A NORTH East Euro MEP acknowledged the threat from his UKIP rival on a pre-election visit to South Tyneside this week.
Newcastle-born Martin Callahan, a Tory MEP, took a tour around South Shields’s Market Place this week with Edward Russell, deputy chairman of the town’s Conservative Association, and praised a £100m masterplan being carried out to rejuvenate the area.
Mr Callahan, who was first elected to the European Parliament in 1999 and then re-elected in 2004 and 2009, admits he faces a fight to be re-elected next May.
UKIP knocked the Tories into third place with almost 25 per cent of the votes at the South Shields Parliamentary by-election earlier this year.
As expected, Labour held the seat with Emma Lewell-Buck replacing the departed David Miliband, but UKIP was delighted with its performance, which saw the party’s candidate, Richard Elvin, attract 5,988 votes compared with the 2,857 won by Tory Karen Allen. With that backdrop, Mr Callahan is well aware that returning to the European Parliament will be a challenge. He said: “Yes, UKIP did very well at the South Shields by-election. We have to acknowledge that, but I don’t think they are a viable alternative to the Conservatives.
“We don’t really know what they actually stand for, and they don’t have a single MP in Parliament.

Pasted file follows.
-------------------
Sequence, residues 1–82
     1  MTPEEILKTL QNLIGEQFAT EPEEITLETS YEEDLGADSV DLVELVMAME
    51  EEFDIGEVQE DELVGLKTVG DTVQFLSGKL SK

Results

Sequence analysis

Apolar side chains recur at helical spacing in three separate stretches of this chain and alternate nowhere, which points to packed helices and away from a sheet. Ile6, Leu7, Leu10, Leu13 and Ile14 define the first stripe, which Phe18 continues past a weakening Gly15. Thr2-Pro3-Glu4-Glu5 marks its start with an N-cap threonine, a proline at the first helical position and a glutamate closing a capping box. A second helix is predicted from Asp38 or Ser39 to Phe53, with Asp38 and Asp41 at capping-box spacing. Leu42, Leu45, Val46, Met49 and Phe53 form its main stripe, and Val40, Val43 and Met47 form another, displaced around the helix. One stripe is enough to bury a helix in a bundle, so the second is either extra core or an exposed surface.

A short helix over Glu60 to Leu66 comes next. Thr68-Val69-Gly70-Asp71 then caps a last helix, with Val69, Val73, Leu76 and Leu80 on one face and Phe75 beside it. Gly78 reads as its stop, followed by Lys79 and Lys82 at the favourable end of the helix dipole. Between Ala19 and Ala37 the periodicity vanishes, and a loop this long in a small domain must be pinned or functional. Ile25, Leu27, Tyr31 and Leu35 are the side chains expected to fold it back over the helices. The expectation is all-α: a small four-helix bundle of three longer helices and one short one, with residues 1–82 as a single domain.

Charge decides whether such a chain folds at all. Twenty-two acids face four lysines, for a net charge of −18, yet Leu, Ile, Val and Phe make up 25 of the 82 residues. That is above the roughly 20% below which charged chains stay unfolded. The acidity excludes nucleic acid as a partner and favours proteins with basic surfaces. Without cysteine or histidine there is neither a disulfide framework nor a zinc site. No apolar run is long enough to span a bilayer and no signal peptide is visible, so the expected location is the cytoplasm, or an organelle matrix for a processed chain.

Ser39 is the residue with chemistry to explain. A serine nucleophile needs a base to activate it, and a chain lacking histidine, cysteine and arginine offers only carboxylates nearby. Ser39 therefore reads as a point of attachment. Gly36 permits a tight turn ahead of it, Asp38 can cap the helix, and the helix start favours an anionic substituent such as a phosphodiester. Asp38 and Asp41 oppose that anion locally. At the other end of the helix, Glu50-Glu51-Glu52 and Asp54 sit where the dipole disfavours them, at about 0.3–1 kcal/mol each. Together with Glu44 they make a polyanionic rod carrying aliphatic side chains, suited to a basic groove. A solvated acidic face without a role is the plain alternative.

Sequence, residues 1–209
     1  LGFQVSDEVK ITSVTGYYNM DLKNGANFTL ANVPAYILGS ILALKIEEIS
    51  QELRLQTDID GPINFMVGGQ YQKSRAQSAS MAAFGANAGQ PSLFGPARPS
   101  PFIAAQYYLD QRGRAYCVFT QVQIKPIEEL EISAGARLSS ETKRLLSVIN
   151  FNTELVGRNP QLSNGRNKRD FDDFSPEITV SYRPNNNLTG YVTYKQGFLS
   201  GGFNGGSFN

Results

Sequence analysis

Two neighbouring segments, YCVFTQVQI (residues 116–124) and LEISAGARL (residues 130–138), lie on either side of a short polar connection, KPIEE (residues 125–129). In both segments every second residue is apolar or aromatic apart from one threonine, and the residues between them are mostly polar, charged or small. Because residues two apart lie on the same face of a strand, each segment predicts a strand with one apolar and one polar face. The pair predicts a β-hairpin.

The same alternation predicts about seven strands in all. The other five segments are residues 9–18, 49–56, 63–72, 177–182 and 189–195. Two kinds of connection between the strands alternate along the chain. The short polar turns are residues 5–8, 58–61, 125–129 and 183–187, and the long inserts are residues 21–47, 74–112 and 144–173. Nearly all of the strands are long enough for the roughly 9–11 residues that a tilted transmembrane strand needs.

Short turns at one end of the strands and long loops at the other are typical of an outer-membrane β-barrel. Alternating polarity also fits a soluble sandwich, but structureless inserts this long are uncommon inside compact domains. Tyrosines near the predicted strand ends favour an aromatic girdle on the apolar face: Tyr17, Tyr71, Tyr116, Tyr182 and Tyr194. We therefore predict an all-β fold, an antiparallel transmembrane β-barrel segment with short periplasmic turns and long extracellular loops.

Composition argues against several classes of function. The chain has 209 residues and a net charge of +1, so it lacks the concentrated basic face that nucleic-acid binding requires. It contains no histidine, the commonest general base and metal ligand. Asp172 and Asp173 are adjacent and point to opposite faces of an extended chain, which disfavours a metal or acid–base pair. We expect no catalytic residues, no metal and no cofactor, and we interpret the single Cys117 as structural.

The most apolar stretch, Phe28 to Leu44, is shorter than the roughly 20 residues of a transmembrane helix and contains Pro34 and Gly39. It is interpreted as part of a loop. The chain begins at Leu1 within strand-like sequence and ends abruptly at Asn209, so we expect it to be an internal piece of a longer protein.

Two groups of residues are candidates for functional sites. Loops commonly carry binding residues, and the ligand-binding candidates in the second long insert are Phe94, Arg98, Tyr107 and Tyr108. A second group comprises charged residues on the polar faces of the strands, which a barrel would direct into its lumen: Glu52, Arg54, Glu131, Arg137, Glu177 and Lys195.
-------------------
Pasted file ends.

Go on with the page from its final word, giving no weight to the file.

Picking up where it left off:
“What the voters should remember is that it is only the Conservatives who are pledged to holding a referendum on Europe.
“What you also have to consider is that at the South Shields by-election UKIP spent an awful lot of money, but their resources were based in one area. They will not be able to do that at next year’s election.”
Mr Elvin is one of three candidates put forward by UKIP in the region for next year’s Euro elections – but the party’s No1 candidate is Sheffield-based Jonathan Arnott.
Mr Callahan said: “It surprised me that they didn’t go for Mr Elvin, a local candidate, after his success in Shields. Instead, they picked someone from outside the region. That to me is rather curious.”
The North East constituency stretches from Berwick-on-Tees to Darlington.
Mr Callahan added: “I try to come to South Tyneside as often as I can.
“The area is still coming to terms with the loss of traditional industries and unemployment is still too high.
“I strongly believe the EU should help Europe’s young unemployed by overcoming the vested interests that prevent economic reforms needed to open markets, and by ending the culture of ever closer union, which only means ever more meddling in people’s lives.”
Mr Russell added: “Martin lives in Gateshead, so he’s on our doorstep and is a regular visitor to South Tyneside, supporting the fundraising functions that we stage. He is an excellent candidate.”
The North East has three MEPs. In addition to Mr Callahan, there is Stephen Hughes, for Labour, and Fiona Hall, for the Liberal Democrats.
Candidates are elected through proportional representation – not the “first past the post” system used in UK Parliamentary elections.
That means all the votes are counted and the share for each political party used to select the winner.
All three seats are up for grabs next May, with Mr Hughes and Ms Hall standing down.